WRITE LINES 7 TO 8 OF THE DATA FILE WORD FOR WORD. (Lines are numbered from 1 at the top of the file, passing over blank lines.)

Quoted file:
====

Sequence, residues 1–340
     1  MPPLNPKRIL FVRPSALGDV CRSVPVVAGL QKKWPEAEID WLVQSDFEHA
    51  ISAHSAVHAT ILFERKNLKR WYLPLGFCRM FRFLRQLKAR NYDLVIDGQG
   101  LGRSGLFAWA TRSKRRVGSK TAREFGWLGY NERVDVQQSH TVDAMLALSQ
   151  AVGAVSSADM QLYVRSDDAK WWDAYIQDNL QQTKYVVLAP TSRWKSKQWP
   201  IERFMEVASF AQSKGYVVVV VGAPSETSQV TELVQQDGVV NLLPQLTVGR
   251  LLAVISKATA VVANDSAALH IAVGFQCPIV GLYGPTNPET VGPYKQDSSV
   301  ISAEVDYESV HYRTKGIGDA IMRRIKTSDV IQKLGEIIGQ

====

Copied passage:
   251  LLAVISKATA VVANDSAALH IAVGFQCPIV GLYGPTNPET VGPYKQDSSV
   301  ISAEVDYESV HYRTKGIGDA IMRRIKTSDV IQKLGEIIGQ